Oct. 10, 2002
Vol. 22 No. 2

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    UCSC pilot program boosts male volunteerism in, beyond Hyde Park

    By Carrie Golus
    News Office

    Shakir Standley (left to right), Kyle Hodges, David Goodloe and Marc Glanton meet to discuss some of the issues they are experiencing in their social work as members of the University Community Service Center’s Men in Service program.

    Founded in 1996, the University Community Service Center matches between 1,500 and 2,000 students with volunteer opportunities at more than 300 organizations every year. While the students come from a broad range of cultural, socioeconomic, religious and geographical backgrounds, many have one thing in common: they are female.

    Although not-for-profit representatives are grateful for the support UCSC provides, they have expressed a need for more college male volunteers, especially in mentoring, tutoring and athletic programs for young boys.

    “Volunteer and service work have traditionally attracted more women, but there are amazing opportunities for men in this area,” said Pamela Bozeman-Evans, Director of UCSC. “If college men see a role for themselves that more closely reflects their interests they may become more involved.”

    To address this issue, UCSC developed a pilot program last year, Men in Service, to try to link male students to service opportunities. “An all-male service corps may be a controversial idea, but I believe it is necessary at this point,” said John Cheadle, a second-year graduate student in the University’s Divinity School and one of the group’s first members. “We need to redefine masculinity so that it does not mean merely the strength to earn money and acquire power, but also the courage to serve people and fight for justice in their communities.”

    The 15 members of Men in Service–a mix of undergraduate and graduate students–decided to work together on three specific problems: poor math skills among high school aged kids, violence and health among men and boys, and community and police relationships.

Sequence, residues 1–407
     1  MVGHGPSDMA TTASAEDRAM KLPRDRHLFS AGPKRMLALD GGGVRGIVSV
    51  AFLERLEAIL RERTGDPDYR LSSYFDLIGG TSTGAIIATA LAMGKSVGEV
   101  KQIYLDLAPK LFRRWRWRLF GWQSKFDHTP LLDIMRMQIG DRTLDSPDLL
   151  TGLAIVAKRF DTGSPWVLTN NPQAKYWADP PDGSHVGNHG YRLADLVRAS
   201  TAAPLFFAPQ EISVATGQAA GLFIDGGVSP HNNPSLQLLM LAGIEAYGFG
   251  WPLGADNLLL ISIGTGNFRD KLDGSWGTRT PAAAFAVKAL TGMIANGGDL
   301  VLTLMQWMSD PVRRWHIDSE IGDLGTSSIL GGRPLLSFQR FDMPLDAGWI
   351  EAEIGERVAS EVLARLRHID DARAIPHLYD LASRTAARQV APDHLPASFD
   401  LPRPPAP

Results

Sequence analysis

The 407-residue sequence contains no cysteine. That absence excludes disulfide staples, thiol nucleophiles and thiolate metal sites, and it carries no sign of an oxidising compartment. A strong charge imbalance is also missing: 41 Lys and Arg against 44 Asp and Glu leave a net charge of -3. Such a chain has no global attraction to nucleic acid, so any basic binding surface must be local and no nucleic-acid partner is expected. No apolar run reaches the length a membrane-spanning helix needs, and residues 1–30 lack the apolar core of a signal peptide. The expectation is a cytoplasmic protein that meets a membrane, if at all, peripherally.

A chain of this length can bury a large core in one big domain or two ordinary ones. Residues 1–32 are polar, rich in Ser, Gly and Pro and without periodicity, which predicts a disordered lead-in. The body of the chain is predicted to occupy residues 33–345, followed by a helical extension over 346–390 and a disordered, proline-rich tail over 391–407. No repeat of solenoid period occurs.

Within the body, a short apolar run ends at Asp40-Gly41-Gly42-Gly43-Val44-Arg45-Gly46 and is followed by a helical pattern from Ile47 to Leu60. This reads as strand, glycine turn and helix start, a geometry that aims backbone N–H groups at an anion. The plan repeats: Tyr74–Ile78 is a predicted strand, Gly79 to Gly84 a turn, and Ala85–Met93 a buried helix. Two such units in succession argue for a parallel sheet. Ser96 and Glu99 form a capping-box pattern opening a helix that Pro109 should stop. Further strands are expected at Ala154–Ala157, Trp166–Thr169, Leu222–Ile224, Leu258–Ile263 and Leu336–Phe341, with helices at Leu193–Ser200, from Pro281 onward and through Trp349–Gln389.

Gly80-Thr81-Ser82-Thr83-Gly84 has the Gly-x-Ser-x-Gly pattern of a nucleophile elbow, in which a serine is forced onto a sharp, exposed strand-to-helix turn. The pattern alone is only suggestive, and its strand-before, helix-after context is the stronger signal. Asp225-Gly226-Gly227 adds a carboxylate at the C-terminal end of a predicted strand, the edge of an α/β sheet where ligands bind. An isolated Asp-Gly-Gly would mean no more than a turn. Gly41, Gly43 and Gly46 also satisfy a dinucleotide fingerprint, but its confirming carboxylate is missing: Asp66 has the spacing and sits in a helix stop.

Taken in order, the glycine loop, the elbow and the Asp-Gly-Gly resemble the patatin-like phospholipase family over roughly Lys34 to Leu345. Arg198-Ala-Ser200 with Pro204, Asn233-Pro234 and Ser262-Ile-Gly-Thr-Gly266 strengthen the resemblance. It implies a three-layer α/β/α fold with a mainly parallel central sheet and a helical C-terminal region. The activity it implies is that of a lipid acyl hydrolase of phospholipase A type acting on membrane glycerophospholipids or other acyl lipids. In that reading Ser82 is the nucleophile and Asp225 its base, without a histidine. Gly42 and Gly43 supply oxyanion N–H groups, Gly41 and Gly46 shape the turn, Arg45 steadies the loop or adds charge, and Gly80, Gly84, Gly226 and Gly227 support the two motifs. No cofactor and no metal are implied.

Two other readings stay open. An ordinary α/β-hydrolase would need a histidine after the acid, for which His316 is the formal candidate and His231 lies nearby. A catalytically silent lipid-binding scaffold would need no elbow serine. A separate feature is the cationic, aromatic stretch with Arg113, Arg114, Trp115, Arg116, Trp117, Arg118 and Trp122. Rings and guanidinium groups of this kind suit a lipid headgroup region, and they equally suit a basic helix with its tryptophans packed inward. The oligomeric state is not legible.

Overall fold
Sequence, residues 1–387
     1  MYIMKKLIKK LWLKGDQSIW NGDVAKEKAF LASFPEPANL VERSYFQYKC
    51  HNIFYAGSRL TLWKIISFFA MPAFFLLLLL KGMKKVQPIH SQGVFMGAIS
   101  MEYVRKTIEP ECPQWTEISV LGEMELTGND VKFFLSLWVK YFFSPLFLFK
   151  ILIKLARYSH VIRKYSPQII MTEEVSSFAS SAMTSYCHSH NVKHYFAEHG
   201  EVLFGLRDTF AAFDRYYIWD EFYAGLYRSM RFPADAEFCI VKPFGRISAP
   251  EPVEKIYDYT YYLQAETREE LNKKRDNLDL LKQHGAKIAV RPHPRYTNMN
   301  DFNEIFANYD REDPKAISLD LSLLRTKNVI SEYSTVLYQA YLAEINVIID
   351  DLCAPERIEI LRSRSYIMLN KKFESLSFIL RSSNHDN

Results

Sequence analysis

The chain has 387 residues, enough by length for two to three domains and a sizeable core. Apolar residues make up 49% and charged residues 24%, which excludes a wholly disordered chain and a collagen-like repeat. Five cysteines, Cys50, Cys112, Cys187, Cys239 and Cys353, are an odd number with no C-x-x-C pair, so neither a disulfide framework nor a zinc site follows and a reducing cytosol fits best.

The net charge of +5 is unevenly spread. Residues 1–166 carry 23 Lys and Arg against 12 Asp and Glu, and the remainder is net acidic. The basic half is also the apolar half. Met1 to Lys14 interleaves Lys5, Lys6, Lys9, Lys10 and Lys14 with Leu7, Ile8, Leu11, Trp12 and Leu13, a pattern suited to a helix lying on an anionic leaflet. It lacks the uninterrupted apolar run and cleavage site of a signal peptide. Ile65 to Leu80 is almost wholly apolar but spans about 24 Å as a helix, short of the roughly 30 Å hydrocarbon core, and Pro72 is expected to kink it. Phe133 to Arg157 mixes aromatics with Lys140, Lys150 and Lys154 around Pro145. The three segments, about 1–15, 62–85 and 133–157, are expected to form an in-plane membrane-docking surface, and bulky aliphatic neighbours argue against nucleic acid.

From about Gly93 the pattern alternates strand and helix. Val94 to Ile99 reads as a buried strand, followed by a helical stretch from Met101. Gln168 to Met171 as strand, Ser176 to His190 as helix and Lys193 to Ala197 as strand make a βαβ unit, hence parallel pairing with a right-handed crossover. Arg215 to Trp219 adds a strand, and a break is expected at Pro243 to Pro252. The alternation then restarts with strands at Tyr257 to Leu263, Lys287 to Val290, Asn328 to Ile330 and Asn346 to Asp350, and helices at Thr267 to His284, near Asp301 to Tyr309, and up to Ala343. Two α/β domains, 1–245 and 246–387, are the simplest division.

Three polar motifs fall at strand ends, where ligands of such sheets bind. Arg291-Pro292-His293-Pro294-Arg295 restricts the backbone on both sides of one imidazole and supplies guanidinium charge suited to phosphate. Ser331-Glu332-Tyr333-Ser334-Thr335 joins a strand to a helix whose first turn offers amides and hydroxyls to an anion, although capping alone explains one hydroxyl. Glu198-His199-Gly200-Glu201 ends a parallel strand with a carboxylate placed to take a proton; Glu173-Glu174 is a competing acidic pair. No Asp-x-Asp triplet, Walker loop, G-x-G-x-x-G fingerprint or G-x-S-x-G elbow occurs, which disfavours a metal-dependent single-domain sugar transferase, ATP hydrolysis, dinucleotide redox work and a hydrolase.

These issues are addressed through three Men in Service programs. The “Math Institute,” a seven- to eight-week program, was designed to help high school students with pre-algebra, a crucial point where many students get lost and never catch up. “METRO,” a journaling project lasting four to six weeks, encourages men to write or make other creative work about their experiences with violence. “Men 2 Men,” a series of meetings at schools, churches and other organizations, educates high school students about their rights when interacting with the police and the justice system.

    During Spring Quarter, Men in Service volunteers brought the Math Institute to South Shore High School, where they attended math classes and offered assistance to the teachers. “When I was in grade school, I really struggled with math, so I could definitely relate to the problems these kids were having,” said third-year Shakir Standley, who helped organize the project. The volunteers arranged their schedules so that one or more of them were at the school every day.

    Fourth-year John Connolly spent two afternoons a week at South Shore and described the classroom as disorderly. While serious students sat in the front of the classroom trying to learn, others kept up a continuous stream of noise from the back. “Some people say being uneducated is a choice, but I don’t think it is,” he said. “From day one, students are in an atmosphere where some of their fellow classmates have no respect for learning, and that’s self-sustaining.”

    In just eight weeks, though, he could see the program’s impact. “The kids started coming to class more, and they started doing better on tests.”

    Connolly also participated in the journaling project, METRO, which debuted at the Woodlawn Adult Health Center during Spring Quarter. The volunteers asked the men at the center–substance users and violence survivors from age 18 to 65–what advice about health and violence they would pass on to younger men.